It’s the birthday of Andreas Vesalius, M.D., born Andries van Wesel on this day in Brussels, Belgium in the year 1514. Descendent of a line of royal court physicians, he was the son of Anders van Wesel, court-apothecary to the Emperor Charles V of the Holy Roman Empire.
In Padua, in 1537, he became a doctor of medicine and, in his short career as an anatomist, he introduced the Renaissance to medicine, dispelled over a thousand years of accepted medical beliefs and convince us to look at our bodies with our own eyes.
Galen anatomy (left) Vesalius anatomy (right)
In the past, physicians studied and taught anatomy by reading the classical texts on the subject written Galen or Mundino while a barber-surgeons dissected cadavers. Few in medicine questioned the accuracy of these centuries old authoritative works. Vesalius, on the other hand, chose a radical course...
When he was named head of anatomy at the University of Padua, he decided do his own dissections and would teach based on the anatomy as he observed it, not as others had observed and asked him to accept. Eventually, this led him to uncover many errors in accepted anatomic teaching. His dissected humans did not match what was written in the standard textbooks. He began to believe that Mundino de Lucci probably dissected few human specimens and Claudius Galenus had probably never dissected a human body at all.
In 1538 he published his own anatomy book based on his dissections the "Tabulae anatomicae" followed by "De humani corporis fabrica" in 1540 which masterfully presented drawings and paintings describing the human anatomy in realistic detail, with his skeletons and muscle men posing for the reader as if alive with action.
Beyond being just artistically expressive, Vesalius' work openly questioned traditional teaching and promoted the scientific method in anatomical study, which was too much for some.
In his writings Vesalius went against the medical community and rejected teaching Galen. He pointed out that Galen human anatomy was based on Galenus’ study of apes and he introduced his own drawings and dissections of human as a source of knowledge and encouraged others to embrace the scientific method in theorizing how the human body functioned rather than blindly following what they were told or read in books.
Vesalius described the mandible being one bone, not two as Galen had described it. Vesalius' illustration of the heart at first confirmed Galen’s description of right ventricle supplying blood to the lower organs, the left ventricle supplying blood to the higher organ and holes between the cardiac ventricles allowing for the flow of blood (below), but when Vesalius failed to observe such pores between the ventricles in dissection after dissection he shocked many in 1555 by openly questioning Galen when he wrote,
"Not long ago I would not have dared to turn even a hair's breadth from Galen. But it seems to me that the septum of the heart is as thick, dense and compact as the rest of the heart. I do not see, therefore, how even the smallest particle can be transferred from the right to the left ventricle through the septum."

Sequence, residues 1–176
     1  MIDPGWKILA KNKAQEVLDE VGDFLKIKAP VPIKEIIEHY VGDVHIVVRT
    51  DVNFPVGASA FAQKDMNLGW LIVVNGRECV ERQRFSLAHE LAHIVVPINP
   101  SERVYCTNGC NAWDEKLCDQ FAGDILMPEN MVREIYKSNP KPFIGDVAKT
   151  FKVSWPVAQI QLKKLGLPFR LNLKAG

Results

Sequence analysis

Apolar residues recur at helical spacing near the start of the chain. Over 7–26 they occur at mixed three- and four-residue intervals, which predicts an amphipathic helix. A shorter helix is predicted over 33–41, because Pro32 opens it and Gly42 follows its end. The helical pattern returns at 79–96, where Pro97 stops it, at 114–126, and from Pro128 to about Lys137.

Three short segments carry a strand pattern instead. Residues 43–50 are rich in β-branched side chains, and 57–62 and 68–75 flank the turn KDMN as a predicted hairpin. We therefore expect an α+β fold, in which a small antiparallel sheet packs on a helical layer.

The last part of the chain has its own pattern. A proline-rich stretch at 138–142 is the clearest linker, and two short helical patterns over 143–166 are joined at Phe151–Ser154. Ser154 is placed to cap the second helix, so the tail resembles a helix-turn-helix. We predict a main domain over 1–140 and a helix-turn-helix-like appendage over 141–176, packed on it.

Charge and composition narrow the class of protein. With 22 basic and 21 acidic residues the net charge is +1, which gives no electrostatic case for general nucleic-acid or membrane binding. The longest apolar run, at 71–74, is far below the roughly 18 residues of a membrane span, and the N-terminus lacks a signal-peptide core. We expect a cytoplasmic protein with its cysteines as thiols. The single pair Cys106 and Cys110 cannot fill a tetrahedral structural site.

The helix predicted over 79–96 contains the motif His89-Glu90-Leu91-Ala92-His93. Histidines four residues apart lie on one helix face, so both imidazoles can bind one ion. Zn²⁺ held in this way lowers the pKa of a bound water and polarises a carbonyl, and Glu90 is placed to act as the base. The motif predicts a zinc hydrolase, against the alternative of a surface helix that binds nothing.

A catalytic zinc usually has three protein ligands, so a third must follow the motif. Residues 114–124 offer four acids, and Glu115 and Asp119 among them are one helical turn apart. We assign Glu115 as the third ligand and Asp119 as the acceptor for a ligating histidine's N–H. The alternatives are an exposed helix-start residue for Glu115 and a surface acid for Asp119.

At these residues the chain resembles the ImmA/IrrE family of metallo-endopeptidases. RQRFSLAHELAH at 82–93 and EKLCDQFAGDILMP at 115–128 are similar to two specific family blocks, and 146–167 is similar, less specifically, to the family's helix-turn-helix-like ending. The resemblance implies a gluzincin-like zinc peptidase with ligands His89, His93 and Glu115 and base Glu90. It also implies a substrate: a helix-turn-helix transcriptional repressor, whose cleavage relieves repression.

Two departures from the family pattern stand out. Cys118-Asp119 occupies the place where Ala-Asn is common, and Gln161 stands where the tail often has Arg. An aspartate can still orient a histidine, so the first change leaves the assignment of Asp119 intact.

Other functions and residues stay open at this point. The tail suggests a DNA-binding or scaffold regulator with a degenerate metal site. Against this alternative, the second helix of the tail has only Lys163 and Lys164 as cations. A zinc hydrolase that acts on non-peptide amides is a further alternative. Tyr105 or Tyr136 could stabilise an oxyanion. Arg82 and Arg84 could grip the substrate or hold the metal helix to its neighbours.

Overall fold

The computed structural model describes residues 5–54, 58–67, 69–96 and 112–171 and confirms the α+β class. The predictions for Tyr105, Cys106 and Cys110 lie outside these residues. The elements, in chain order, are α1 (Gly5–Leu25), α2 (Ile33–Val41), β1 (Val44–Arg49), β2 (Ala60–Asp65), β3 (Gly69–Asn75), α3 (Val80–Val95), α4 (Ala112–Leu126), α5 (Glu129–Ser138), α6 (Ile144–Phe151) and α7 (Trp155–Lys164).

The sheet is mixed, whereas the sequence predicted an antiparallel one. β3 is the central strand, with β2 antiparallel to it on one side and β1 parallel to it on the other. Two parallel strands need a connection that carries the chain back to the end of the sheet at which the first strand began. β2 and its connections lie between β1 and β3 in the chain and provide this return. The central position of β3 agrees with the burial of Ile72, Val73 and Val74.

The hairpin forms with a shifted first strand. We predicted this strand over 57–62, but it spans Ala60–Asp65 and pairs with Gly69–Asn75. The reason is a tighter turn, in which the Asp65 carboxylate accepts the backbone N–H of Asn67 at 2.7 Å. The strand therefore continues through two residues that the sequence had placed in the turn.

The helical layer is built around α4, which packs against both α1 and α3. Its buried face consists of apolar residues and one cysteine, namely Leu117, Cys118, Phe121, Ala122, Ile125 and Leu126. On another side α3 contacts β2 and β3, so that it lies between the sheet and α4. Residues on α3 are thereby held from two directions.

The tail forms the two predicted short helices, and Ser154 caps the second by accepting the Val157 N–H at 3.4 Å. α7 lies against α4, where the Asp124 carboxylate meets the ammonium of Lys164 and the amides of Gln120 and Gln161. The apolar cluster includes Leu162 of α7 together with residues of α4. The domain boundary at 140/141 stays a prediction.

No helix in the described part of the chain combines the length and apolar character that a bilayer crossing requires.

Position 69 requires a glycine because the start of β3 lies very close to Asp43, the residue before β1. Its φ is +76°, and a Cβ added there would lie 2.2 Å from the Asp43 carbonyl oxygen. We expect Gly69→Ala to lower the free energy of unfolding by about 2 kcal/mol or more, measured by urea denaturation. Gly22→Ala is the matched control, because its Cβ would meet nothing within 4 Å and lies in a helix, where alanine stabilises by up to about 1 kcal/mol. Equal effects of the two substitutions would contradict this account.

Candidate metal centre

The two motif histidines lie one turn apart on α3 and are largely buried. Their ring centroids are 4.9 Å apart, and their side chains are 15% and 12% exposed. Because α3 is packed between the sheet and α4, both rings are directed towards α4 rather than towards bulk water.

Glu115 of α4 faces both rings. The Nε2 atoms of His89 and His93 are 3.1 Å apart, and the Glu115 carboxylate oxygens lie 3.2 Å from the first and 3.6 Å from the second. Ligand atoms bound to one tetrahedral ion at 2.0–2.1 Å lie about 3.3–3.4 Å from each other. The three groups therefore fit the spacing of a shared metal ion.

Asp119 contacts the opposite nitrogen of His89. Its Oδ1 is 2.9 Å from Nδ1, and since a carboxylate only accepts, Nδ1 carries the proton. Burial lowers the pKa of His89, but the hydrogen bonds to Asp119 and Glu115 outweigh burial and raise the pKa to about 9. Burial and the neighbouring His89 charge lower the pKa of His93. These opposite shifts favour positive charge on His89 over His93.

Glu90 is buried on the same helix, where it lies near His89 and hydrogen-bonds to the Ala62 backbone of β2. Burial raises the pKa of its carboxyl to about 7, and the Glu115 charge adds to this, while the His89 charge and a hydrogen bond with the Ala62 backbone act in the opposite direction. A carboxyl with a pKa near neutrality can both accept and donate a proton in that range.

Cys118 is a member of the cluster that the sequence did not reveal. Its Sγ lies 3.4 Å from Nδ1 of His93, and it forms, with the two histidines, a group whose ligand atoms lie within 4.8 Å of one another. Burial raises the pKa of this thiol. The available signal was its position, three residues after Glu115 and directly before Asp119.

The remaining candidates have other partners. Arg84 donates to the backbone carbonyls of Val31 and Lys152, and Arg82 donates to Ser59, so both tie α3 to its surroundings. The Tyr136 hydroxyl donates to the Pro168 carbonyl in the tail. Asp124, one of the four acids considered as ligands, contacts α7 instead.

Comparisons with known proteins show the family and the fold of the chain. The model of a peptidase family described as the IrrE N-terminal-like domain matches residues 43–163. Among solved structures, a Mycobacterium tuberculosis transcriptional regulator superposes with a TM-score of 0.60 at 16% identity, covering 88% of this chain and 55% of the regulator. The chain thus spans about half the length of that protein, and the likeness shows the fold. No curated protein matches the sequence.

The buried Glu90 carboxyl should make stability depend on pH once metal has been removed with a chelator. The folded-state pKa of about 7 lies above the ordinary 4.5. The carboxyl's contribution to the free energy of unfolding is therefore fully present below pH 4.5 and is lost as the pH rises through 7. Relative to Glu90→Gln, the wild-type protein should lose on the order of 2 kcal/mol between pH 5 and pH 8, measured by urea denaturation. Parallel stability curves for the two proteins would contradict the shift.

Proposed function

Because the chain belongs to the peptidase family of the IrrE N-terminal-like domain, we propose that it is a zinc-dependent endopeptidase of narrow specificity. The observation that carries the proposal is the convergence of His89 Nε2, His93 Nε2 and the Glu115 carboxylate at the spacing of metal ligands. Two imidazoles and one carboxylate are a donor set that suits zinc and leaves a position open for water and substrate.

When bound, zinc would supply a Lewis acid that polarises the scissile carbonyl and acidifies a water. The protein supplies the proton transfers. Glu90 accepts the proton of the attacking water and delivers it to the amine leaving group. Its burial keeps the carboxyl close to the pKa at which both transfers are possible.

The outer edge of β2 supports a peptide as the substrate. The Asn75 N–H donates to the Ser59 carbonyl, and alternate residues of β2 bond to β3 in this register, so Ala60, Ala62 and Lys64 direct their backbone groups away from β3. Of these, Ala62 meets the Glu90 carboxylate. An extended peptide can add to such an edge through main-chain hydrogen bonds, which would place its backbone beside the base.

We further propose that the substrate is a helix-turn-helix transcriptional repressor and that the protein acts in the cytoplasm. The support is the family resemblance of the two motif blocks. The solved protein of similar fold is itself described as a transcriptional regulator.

Like Galileo stating that the Earth revolved around the sun and not the other way around, all hell broke loose when Vesalius said what no one dared to say - Galen's ventricle pores did not fit what was consistently being observed. By questioning Galen and demonstrating contrary evidence based on his own, repeated observations, Vesalius encouraged independent questioning and investigation by others, too.
Vesalius later described the connection between the arteries, veins, atria and ventricles of the heart, giving the mitral valve its name. He also went against the accepted church and medical belief by demostrating that men did not have one less rib than women…
With over a thousand years of unquestioned ideas now being turned on their heads, believers in Galen's description of human anatomy and defenders of tradition even went so far as to argue that Galen was not wrong but that, over the centuries, it was the human body that changed!
Despite his detractors, in 1544 was appointed court physician to Holy Roman Emperor Charles V and then to King Philip II of Spain, the Emperor’s son.
Because of his radical ideas, based on scientific investigation and evidence in a medical community that clung to biblical teachings and tradition, he continued to gain enemies and some say the attention of the Spanish Inquisition.
In a popular story about the life of Vesalius, he was said to have dissected a man whose heart was still beating, leading to his being charged with murder. In hopes of the most severe punishment, the deceased’s family also accused him of atheism before the Inquisition. With the aide of King Philip II, he avoided the death penalty, and was sent on pilgrimage to Jerusalem, from which he never returned.
Whether escaping the Inquisition was his reason for going to the Holy Land, upon his return, Vesalius was shipwrecked on a Greek island and died at the age of 49.
Although he died poor, his legacy was a new word of medical knowledge based on hypotheses, investigation, observation, theorizing and facts about the form and function of the human body.
Here’s a bit of a popular melody written by African-American author and songwriter James Weldon Johnson called Dem Bones…
The toe bone connected to the heel bone,
The heel bone connected to the foot bone,
The foot bone connected to the leg bone,
The leg bone connected to the knee bone,
The knee bone connected to the thigh bone,
The thigh bone connected to the back bone,
The back bone connected to the neck bone,
The neck bone connected to the head bone,
Oh, hear the word of the Lord!